Every member of the top class wants a big car into the country one time or another. We have learned that Oloye has fallen into the man’s net with a big, armoured vehicle. Oloye is denying ownership of a Range Rover impounded by the Nigeria Customs. Saraki’s spokesman says it is a matter of the supplier. But they have not been able to clarify why his name was not inserted in it. Well, we now know that the Senate intervened not because of the outcry over NCS impunity on the streets by impounding vehicles with antiquated papers, but because it touched their bones. What a selfless Senate and its leadership. Oloye had to fight back, and he wanted to put the man back in line by wearing uniform.
It’s clear now, this is no trivialisation of uniform. The Oloye has a keen sense of symbolism. Politics has always used uniform or sartorial markers for effect, either for good or ill. It’s not for nothing that presidential candidates changed their clothing from region to region during campaigns. Goodluck Jonathan was adept at this. The stiff Buhari, who never cared to change his habiliments, was compelled to do so in the last presidential hustings.
Appearances are too important in politics to be left in the hands of stylists. Key political actors are their own aesthetes. Hitler had his tuft of beard. Mahatma Ghandi looked grand in his half-cloth, and defied Churchill who called him “a half-naked kafir” in the heat of the Indian’s anti-colonial maelstrom. Abacha loved his goggles. Trump’s turbulent toupee is gaining notoriety. Charles de Gaulle had his cap and so did Churchill. Nyerere had his French suit.
Yet these men knew that the hero was not about the uniform, but about the man, as Andrea Randall wrote: “Heroes don’t always have capes, badges, or uniforms. Sometimes they support those who do.”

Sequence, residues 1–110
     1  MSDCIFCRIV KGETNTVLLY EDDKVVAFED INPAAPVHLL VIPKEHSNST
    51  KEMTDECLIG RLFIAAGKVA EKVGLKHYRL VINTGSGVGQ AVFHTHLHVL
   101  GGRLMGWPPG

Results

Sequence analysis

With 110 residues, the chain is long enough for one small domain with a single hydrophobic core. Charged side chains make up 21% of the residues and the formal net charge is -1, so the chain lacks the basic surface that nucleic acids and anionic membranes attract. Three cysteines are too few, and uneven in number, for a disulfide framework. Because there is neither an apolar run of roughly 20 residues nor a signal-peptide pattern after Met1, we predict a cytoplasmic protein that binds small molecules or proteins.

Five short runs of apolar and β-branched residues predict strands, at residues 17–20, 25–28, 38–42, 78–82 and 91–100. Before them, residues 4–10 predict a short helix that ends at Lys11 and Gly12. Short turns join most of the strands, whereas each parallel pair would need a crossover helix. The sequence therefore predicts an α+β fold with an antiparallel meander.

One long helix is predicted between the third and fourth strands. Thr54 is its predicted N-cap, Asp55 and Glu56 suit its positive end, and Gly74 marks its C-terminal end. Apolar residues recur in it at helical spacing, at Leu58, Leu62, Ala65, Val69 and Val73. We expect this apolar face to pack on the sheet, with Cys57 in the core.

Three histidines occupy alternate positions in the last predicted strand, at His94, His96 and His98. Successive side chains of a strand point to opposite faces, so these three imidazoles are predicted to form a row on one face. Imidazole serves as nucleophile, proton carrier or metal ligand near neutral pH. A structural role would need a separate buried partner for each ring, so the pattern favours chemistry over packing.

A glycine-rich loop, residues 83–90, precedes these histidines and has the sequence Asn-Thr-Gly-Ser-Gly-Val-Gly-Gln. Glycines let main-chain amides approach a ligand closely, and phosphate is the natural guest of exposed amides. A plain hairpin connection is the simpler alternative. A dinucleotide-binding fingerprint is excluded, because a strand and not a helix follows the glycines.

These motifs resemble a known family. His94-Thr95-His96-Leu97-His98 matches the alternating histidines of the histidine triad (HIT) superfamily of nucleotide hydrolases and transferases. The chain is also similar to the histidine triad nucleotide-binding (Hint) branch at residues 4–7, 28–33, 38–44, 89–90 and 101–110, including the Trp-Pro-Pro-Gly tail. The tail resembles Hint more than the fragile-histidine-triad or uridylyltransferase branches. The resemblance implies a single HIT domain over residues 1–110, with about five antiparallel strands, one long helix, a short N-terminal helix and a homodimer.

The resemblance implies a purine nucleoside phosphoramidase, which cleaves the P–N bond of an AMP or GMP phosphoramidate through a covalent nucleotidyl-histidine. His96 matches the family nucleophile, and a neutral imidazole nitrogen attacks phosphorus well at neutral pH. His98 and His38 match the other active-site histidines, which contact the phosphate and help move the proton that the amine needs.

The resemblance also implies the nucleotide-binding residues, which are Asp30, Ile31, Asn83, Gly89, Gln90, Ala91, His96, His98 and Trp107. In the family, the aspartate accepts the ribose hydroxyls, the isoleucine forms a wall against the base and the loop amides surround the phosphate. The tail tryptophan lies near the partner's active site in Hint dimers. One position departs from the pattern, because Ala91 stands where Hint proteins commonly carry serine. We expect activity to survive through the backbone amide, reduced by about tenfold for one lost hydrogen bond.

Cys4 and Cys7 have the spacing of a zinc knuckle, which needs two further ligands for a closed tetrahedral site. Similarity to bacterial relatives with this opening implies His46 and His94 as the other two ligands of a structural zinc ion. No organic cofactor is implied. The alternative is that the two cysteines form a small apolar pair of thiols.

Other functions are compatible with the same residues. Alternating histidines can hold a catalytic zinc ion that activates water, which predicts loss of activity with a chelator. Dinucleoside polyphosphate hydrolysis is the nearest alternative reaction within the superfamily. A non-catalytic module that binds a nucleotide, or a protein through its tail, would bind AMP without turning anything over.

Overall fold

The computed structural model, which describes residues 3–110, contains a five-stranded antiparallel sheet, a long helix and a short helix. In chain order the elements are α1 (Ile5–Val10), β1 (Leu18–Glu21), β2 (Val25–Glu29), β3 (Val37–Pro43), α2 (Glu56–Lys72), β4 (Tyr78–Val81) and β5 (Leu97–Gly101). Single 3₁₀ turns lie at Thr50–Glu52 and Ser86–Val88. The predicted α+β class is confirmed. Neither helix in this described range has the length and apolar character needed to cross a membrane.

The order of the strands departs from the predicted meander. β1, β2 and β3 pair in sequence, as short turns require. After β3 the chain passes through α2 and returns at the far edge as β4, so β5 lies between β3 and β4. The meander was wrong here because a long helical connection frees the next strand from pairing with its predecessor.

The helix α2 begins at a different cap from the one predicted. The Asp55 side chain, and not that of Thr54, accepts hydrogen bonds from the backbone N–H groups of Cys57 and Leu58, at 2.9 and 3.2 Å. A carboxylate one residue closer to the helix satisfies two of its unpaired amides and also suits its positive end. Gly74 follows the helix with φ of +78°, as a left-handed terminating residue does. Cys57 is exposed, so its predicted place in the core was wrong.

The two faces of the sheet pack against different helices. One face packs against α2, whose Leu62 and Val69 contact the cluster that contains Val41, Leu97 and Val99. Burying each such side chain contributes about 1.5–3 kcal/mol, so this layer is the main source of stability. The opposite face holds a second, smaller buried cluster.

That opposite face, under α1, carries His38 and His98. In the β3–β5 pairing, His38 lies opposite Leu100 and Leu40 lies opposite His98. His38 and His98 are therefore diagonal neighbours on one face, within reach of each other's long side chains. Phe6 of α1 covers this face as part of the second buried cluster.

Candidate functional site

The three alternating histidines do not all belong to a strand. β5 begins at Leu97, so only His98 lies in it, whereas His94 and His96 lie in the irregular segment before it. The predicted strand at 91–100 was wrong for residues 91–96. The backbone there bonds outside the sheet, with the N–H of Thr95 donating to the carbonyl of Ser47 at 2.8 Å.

Ali believes he is supporting those who wear uniforms. Saraki and co. want to force him to don one. The uniform, for the point of view of Oloye, is not the stuffy khaki. It is obedience. Ali gets it and that is why he is kicking. Uniforms are about obedience. Individuality is about sacrifice. Ali would not sacrifice his individuality, though, to an institution. The reason is that he has come as a messiah. Messiahs in history have tended to be humble. But they have also been individual without alienating their folks. Jesus whipped the money changers in the temple. What do you expect when a combo of soldier and patrician takes over a can of worms like the NCS? Perhaps, Ali may have the moral bona fides for the job. He does not seem to have the humility. Just like his boss, Buhari, the fight against corruption calls for men of integrity. But history tells us that winners triumph with other weapons as well, including cunning and strategic flexibility. Sentiment, sometimes, supersedes principle, when appropriately harnessed.
Ali would not wear the uniform, and that is wrong, not in law but in optics. As Apostle Paul noted, all things may be lawful, but they may not be expedient. If he can stoop to fight the corruption war, he should respect the men by donning their clothing. He becomes their leader in and out, in and out of uniform. It does not make him less of soldier or patrician. It makes him a better man.
BY SAM OMATSEYE